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Building Blocks for Staff Prowess

Wednesday, February 19, 2020 9:00 AM

Aesthetic Medicine, Practice Operations

Written by: Glenn Morley

Glenn Morley
Senior Consultant

In today’s medical environment, patients have come to expect all health care personnel to be knowledgeable on medical matters. They expect staff to understand the different conditions being treated, the side effects of commonly used drugs, and the recovery period for routine procedures. Moreover, they presume that all staff can explain these complex and nuanced topics in an easy-to-understand manner — even if counseling patients about specific conditions is “not their job.”

While these expectations may seem extreme, educating every employee about the conditions and procedures the practice specializes in allows staff to confidently counsel and authentically empathize with patients. In the end, this base knowledge benefits staff, patients, and the business. For proof of these benefits look no further than one of my previous consultant engagements.

Case Study: The Go-To Employee 

Last year, I had the pleasure of working with a prominent academic center. Considering the business’ reputation, I was not surprised to learn that the majority of staff felt enormous pride in working for a team of internationally recognized doctors, all of whom were known for their ability to manage complex medical conditions. Despite this, staff members were uncomfortable when questioned about the treatments and procedures these world-renowned surgeons performed every day. Clearly, they did not possess the knowledge to answer pointed patient inquiries with confidence. One employee was the exception.

This employee, who had been with the department for 12 years, had made it her mission early in her career to learn the details of every product and procedure the center offered. Additionally, she took the time to learn how the surgeon she worked for approached specific clinical situations.

Not surprisingly, this employee’s knowledge made her the go-to person for questions among all departments. She alone could differentiate why patients came to see surgeons at this center versus another by clearly and succinctly communicating the unique differences between outcomes and procedures. In other words, she knew what bad and good looked like in this specialty and why it mattered.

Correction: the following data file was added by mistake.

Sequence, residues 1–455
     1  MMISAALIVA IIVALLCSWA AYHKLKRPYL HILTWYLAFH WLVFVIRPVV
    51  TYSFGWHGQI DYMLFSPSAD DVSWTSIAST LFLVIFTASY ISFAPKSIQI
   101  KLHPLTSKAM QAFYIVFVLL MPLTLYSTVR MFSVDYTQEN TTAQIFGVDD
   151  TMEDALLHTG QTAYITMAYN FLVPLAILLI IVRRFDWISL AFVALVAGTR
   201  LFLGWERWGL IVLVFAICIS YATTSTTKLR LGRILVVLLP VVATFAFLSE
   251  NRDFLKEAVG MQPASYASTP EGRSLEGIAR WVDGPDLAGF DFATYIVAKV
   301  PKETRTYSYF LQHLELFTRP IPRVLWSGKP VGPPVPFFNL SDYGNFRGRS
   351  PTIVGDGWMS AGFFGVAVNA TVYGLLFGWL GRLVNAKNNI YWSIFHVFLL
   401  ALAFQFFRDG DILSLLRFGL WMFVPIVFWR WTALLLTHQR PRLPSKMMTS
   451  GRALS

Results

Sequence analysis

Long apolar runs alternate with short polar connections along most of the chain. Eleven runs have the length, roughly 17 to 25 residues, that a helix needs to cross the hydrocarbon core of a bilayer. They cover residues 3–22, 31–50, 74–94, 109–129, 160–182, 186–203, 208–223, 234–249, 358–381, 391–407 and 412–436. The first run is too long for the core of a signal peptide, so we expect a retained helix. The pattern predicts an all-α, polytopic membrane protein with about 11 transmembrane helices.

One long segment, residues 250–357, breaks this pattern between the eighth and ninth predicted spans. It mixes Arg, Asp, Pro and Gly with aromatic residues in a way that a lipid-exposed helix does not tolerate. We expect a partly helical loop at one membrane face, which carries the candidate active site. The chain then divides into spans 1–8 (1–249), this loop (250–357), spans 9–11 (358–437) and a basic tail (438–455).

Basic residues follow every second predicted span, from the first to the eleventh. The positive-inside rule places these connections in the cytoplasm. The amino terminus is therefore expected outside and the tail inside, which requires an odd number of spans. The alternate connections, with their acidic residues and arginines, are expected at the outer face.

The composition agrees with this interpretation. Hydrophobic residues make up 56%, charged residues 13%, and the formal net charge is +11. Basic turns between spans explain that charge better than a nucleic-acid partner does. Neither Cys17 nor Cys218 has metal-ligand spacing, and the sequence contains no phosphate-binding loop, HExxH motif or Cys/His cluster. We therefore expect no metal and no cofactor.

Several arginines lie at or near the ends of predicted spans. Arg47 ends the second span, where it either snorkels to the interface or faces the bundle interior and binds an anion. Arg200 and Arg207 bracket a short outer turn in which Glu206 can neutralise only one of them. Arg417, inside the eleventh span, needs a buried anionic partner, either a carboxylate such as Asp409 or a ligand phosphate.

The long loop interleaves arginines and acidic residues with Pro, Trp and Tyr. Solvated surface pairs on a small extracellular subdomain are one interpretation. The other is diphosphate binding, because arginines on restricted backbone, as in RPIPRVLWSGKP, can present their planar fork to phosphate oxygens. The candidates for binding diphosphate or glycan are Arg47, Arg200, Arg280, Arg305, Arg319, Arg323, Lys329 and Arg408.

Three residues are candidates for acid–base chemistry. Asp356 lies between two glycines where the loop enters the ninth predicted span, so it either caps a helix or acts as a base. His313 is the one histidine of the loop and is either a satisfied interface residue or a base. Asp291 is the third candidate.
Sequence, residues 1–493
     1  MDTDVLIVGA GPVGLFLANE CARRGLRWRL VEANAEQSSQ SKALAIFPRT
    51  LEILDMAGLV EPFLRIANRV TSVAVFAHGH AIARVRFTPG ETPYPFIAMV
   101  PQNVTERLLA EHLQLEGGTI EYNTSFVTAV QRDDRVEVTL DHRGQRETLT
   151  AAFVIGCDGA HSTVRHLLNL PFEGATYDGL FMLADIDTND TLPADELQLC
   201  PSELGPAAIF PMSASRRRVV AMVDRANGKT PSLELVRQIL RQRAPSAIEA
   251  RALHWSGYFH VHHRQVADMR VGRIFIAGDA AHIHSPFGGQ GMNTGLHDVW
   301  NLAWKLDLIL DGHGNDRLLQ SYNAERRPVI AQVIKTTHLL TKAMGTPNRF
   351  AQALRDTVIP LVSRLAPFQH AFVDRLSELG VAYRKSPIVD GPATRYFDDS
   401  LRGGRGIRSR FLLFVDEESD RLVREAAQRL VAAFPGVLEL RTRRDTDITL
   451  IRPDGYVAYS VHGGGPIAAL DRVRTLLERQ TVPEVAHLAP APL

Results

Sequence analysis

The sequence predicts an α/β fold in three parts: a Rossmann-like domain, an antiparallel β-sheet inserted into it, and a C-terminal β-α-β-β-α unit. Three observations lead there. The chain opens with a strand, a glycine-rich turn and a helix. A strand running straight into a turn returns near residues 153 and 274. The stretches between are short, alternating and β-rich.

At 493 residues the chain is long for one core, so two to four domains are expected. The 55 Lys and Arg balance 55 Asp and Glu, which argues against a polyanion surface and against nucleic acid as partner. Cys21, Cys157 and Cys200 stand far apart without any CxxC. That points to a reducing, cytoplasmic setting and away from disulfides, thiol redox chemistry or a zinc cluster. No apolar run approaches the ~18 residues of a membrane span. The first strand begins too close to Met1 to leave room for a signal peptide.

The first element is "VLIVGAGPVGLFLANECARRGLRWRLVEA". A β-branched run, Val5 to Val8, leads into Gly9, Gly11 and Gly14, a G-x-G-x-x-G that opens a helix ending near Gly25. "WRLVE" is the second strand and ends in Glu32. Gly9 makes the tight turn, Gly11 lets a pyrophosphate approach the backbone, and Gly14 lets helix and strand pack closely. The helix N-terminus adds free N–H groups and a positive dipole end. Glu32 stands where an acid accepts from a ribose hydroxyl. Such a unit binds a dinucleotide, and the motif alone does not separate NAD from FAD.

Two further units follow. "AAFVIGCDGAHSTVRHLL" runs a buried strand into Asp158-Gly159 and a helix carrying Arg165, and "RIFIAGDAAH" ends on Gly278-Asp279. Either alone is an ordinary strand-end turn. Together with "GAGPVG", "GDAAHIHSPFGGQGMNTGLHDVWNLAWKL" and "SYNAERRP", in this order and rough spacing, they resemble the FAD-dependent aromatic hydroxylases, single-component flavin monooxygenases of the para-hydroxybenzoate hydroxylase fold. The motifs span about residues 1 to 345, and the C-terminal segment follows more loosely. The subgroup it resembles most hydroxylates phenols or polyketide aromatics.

This employee’s expertise provided value to the organization by allowing her to effectively “screen” patients in and out. In other words, she could consult with patients over the phone and determine if they were good candidates for surgery without taking up the physician’s valuable time by booking unnecessary consultations.

When reviewing her reserved consultations against those of her colleagues, the numbers showed that only one in 10 consultations she booked were not candidates for surgery, compared to five in 10 consultations booked by her colleagues. For a department with patient access issues, this was a startling revelation that related directly back to training and education (or lack thereof for the majority of staff — and they craved it!)

Based on this analysis, training and education plans were developed and rolled out for each team within the organization. It’s important to note that these plans contained specific, measurable, attainable, relevant, and timely (SMART) goals. This provided clear goals for staff to hit, a pathway to attain needed education and development, and an objective way to measure success. 

Six months after initiating the training program geared toward educating and developing the team, the department chair reported significant improvements in the center. They included:

  • Enhanced quality of the consultations seen by all physicians in the clinic;
  • A greater number of patients being serviced whose conditions qualify them for the therapies and services offered, since the doctors were not losing valuable time with non-qualified consultation patients;
  • Improved staff satisfaction scores; and
  • Higher levels of engagement and a new solutions-oriented problem-solving mentality by staff (as indicated by department management reports).

Ultimately, staff, patients, and the clinic itself were all the better for these changes, and the center continues to enjoy the benefits of its commitment to staff development to this day.

Benefits Not to Overlook

This case study shows the importance of frontline staff getting extended training and development beyond their position. Staff possessing a base knowledge of the practice, its services, and practitioners can significantly enhance operations, the patient experience, and staff satisfaction. In a customer-centric industry, these are benefits that should not be overlooked. 

CONTACT US. Learn how BSM can help with staff training and development in your practice.

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